The next big thing in 3D printing: Liquid metal

With new technology, liquid metal with a solid skin becomes the building block for 3D-printed items

Among emerging technologies, 3D printing is very en vogue, but researchers at North Carolina State have seen the future, and it looks like an even cooler -- not to mention real -- James Cameron special effect: liquid metal.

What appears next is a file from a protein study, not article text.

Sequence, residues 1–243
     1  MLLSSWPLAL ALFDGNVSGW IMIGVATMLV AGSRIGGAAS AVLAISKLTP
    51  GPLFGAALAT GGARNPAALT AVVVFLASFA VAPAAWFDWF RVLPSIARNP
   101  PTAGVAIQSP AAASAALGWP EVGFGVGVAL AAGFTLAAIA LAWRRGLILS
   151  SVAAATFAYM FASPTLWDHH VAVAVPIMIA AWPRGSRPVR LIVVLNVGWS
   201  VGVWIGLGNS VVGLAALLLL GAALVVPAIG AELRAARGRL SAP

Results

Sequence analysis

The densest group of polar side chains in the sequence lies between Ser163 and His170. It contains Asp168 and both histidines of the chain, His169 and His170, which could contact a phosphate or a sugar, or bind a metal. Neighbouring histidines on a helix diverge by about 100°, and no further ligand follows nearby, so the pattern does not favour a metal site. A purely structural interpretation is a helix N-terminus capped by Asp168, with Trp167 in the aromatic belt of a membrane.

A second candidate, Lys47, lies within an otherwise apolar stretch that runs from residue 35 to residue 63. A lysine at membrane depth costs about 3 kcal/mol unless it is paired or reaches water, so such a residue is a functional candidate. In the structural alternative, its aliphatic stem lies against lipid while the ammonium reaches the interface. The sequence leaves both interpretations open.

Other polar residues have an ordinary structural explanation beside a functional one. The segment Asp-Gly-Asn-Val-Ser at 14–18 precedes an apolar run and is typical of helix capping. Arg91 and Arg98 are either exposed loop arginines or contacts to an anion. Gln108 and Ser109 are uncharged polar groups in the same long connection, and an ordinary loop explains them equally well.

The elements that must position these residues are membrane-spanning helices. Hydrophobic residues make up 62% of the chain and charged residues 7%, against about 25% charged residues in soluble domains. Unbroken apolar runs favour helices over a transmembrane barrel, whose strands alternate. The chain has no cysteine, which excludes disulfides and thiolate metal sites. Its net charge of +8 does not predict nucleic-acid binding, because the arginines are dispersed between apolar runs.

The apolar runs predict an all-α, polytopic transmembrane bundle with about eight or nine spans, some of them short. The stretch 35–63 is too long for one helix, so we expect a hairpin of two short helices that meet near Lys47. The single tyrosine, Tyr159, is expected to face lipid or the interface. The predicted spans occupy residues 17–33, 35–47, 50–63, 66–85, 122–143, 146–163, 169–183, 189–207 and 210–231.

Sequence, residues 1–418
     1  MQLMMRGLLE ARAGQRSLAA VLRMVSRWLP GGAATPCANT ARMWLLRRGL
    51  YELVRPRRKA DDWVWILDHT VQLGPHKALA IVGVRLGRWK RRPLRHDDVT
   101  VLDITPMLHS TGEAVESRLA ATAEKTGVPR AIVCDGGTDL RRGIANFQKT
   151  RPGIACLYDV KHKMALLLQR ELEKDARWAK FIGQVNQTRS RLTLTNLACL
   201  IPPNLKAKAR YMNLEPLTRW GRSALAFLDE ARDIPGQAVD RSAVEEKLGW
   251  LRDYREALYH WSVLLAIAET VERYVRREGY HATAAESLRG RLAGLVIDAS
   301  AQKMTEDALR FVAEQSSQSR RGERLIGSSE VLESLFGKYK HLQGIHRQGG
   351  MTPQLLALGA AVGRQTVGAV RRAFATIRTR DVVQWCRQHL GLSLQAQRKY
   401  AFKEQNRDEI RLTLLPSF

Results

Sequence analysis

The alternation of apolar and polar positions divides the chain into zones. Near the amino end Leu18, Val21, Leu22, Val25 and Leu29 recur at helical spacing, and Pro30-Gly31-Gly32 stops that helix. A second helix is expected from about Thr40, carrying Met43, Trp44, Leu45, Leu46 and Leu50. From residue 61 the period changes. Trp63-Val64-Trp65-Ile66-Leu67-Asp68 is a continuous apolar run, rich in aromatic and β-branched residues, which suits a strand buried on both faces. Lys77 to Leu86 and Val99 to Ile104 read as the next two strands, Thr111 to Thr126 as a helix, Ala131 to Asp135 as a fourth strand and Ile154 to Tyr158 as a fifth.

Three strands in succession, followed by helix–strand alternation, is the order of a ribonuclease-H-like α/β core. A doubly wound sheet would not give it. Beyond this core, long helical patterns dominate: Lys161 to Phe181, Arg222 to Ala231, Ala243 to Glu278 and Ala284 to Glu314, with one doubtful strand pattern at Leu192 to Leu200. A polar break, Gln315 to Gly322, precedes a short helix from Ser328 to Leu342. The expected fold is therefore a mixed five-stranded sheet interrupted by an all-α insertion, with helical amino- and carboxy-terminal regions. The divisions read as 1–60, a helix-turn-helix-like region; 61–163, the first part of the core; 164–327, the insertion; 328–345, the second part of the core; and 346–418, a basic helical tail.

No, you can't print up your own T-1000 (yet), but the technology still is quite impressive. As the above video shows, the metal is pushed out of a syringe needle and forms a ball with a solid skin upon extrusion. Those balls can then be stacked or otherwise arranged -- think of them as building blocks for 3D printing. Even more exciting are the possibilities raised by the fact that the metal can also be made into a string, which can then be used to complete an electrical circuit. Technologists and inventors everywhere are no doubt feverishly imagining all sorts of applications for for that capability as we speak.

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